Most Americans continue to call for bipartisanship in the US Congress. But it has become as elusive as UFOs, Bigfoot, and the mythical unicorn. First, let’s note that the “bi” in bipartisanship denotes the participation of two parties. Unfortunately, for at least the past 12 years, one party has been largely absent. Sure, the Republicans have been more than happy to demand a voice in any bill the Democrats put forward. For example, as Congress was debating the Affordable Care Act, Republicans offered hundreds of amendments to the bill, and Democrats accepted hundreds of them in hopes of gaining Republican support. But, when it came to the final vote, not a single Republican voted for the bill in the House or the Senate.
That set a pattern that continues to this day.
Senate GQP (Grand QAnon Party) leader, Moscow Mitch McConnell has stated repeatedly that his primary goal is to stop the Democratic agenda at any cost. When Republicans are in the minority, he repeatedly calls for bipartisanship. But when Democrats have control, he ramrods through Republican bills and nominations at record speeds, decrying any attempts at negotiation as obstruction. One need look no further than McConnell’s actions on the Senate Supreme Court confirmations of Merrick Garland and Amy Coney-Barrett to confirm his hypocrisy and his contempt for bipartisanship.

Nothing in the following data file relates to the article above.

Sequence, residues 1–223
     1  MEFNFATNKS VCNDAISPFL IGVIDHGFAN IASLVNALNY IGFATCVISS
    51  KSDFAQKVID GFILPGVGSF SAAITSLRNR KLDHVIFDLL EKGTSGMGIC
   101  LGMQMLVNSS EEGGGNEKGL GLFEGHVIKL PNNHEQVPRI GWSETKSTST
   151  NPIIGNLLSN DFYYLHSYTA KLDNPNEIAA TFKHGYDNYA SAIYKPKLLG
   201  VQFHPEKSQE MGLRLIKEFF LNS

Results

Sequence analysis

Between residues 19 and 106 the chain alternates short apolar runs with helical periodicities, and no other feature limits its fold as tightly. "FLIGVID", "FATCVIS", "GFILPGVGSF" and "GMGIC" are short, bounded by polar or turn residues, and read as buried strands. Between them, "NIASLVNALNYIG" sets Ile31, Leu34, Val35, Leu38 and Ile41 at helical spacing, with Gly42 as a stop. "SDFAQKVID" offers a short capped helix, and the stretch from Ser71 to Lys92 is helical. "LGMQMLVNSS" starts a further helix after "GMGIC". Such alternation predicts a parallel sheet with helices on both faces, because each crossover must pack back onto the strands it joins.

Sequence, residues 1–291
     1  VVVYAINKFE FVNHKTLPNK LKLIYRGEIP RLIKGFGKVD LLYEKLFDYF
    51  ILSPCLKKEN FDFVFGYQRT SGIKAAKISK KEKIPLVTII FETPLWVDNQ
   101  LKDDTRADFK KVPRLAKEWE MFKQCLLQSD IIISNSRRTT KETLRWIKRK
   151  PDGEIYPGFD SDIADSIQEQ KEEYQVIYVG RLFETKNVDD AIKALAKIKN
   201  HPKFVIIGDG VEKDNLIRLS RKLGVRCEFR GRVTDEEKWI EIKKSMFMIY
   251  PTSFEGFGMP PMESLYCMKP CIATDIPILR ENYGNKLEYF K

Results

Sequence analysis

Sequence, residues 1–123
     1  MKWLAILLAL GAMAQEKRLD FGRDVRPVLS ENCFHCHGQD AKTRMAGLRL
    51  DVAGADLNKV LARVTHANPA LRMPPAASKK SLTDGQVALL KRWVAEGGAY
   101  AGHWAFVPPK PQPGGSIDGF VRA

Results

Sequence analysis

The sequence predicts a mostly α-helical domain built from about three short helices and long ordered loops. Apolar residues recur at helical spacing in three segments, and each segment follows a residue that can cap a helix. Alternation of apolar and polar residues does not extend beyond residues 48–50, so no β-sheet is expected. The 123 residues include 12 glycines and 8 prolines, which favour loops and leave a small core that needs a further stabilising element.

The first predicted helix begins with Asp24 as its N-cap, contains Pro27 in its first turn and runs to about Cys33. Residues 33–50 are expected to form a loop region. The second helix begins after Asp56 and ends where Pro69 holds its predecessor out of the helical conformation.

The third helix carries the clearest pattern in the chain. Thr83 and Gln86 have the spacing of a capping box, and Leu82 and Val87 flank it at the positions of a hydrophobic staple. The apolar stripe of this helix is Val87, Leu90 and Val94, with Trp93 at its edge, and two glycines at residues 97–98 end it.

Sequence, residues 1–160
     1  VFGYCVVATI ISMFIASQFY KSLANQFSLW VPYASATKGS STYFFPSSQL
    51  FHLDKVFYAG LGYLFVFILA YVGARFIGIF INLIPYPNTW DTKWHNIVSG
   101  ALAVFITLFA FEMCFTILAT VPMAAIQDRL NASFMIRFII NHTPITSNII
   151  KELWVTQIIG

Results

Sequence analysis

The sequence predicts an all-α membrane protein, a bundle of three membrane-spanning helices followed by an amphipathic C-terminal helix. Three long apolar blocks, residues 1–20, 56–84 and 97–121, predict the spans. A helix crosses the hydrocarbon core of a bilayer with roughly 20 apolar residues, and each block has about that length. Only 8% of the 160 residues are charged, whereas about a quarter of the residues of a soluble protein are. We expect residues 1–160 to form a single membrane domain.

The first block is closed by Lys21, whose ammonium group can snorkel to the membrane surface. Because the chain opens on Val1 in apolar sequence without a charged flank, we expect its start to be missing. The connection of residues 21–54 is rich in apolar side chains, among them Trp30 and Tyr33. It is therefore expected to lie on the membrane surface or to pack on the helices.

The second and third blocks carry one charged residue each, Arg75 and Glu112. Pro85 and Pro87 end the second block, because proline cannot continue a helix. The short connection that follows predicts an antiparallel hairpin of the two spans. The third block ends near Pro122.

As if those two examples are not enough to make the point, consider the recent votes on a bill calling for a bipartisan commission to investigate the insurrection of January 6. After Democrats agreed to each of the House Republican’s demands, both parties announced that they had reached a deal on May 14, 2021. Then, on May 18, the day before the bill was to come up for a vote, House GQP leader Kevin McCarthy announced his opposition to the bill. And hours before the House vote, Moscow Mitch followed suit. As a result, only 35 Republican House members broke ranks to vote in favor of creating the commission.
The fate of the commission now hangs in the balance in the Senate where, given the filibuster, 10 Republicans will have to demonstrate their independence from Moscow Mitch and vote for bipartisanship. Unfortunately, that is very unlikely.
One can’t help but compare the GQP to Lucy in the Peanuts cartoon series and Democrats to Charlie Brown. Despite assurances that they will hold the football this time, the GQP continues to withdraw support at the last instant, leaving Democrats to whiff and fall onto their backsides. Though contrary to their instincts and their desire for the kind of bipartisanship needed to solve our nation’s problems, it’s time for Democrats to give Republicans a dose of their own medicine.
Bipartisanship is not possible now that one of the parties has become a belligerent and autocratic cult.